An NHLBI researcher shared encouraging results from a human clinical trial testing a novel gene replacement therapy in people with severe sickle cell disease. The preliminary findings were presented at the 60th Annual Meeting of the American Society of Hematology (ASH), Dec. 1-4, in San Diego.
According to the scientist, the results suggest that the approach has an acceptable level of safety and might help patients consistently produce normal red blood cells instead of the sickle-shaped ones that mark this painful, life-threatening disease.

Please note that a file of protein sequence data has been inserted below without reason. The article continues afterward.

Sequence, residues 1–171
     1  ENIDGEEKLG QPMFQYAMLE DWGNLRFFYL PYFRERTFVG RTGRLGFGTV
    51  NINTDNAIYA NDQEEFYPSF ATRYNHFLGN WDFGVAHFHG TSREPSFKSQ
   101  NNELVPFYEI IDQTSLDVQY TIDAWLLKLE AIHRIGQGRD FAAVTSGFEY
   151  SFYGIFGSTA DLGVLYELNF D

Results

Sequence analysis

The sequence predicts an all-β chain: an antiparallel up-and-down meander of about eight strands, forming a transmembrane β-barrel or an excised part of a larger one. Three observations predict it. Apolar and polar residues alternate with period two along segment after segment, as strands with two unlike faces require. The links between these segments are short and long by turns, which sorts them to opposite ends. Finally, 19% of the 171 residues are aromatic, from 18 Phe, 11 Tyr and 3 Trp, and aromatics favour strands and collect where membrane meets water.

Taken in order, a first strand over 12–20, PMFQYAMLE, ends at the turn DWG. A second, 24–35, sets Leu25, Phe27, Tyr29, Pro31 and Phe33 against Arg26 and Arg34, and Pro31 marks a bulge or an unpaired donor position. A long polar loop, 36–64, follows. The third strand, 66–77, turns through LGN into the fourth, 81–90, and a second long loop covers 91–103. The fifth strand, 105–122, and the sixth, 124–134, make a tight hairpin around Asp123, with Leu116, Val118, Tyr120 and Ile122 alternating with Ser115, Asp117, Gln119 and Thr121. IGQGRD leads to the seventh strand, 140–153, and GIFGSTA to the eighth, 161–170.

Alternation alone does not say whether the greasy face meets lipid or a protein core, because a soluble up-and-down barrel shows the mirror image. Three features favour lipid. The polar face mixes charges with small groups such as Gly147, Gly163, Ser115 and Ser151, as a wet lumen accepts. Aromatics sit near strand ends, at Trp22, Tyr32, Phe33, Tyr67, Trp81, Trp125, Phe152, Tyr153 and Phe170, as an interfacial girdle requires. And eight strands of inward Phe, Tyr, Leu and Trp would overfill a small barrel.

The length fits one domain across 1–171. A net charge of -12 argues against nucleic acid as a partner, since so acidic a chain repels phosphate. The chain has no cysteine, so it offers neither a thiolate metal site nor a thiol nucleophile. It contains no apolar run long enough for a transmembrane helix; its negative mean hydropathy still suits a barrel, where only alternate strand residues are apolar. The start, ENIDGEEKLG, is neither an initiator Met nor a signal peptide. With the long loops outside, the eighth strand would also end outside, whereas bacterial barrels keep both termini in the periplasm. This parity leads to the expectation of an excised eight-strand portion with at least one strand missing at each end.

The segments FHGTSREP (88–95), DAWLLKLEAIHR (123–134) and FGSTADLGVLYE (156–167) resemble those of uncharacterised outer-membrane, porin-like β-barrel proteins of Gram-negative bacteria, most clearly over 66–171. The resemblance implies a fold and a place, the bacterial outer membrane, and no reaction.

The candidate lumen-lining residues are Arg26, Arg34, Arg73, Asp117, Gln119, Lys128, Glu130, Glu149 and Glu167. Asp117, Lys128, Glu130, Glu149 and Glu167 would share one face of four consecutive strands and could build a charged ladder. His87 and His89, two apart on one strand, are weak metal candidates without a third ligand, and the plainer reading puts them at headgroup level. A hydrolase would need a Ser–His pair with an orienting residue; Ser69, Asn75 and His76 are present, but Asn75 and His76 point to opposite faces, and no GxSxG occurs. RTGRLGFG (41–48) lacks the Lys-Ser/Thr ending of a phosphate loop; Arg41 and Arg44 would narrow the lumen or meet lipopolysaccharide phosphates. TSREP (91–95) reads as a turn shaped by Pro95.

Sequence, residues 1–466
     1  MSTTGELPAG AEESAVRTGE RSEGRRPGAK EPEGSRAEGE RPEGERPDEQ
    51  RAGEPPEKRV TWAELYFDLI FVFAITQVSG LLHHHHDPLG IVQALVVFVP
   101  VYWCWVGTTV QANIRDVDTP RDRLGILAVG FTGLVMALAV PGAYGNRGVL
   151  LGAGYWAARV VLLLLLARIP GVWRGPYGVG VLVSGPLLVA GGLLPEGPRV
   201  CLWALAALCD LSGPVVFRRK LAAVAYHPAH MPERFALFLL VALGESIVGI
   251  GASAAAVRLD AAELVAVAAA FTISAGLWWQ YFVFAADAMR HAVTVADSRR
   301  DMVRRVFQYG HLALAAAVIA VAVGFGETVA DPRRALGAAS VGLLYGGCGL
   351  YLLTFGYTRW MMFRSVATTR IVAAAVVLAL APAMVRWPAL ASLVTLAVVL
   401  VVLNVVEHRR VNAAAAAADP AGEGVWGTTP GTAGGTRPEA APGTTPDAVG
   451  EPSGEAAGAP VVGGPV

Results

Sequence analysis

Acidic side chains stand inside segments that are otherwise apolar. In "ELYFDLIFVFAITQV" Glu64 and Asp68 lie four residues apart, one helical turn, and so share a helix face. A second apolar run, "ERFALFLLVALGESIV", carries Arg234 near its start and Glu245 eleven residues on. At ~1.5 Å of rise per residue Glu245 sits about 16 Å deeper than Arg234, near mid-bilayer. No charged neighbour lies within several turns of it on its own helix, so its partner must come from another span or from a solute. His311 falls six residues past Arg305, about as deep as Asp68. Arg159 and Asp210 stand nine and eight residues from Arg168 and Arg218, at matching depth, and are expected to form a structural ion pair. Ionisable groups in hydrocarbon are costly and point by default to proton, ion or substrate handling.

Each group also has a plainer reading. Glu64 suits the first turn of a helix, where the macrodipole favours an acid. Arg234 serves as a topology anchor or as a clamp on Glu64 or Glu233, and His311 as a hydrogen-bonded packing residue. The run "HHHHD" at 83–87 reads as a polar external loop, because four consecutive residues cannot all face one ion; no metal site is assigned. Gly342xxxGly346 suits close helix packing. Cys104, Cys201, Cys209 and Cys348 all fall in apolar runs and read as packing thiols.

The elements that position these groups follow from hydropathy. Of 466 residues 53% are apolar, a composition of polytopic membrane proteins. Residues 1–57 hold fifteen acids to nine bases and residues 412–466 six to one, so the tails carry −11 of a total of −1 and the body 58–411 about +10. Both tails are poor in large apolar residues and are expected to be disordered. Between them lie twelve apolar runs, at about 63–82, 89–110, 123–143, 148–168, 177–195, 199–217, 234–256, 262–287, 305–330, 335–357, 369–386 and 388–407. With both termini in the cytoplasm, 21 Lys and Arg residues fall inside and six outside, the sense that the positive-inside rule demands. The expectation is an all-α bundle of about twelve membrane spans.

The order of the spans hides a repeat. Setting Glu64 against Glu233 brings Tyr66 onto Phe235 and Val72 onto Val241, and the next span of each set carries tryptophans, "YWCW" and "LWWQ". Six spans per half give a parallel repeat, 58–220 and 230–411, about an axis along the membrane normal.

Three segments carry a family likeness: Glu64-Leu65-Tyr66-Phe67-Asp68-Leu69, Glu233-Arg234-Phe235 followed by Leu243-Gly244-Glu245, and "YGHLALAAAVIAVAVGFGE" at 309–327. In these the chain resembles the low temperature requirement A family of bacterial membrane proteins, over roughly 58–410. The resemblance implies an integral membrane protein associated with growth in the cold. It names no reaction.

The experimental treatment involves removing hematopoietic stem cells from the patients’ bone marrow or blood and adding a therapeutic beta globin gene, which is defective in people with sickle cell disease. The cells are then returned to the patients, leading to the production of anti-sickling hemoglobin (T87Q).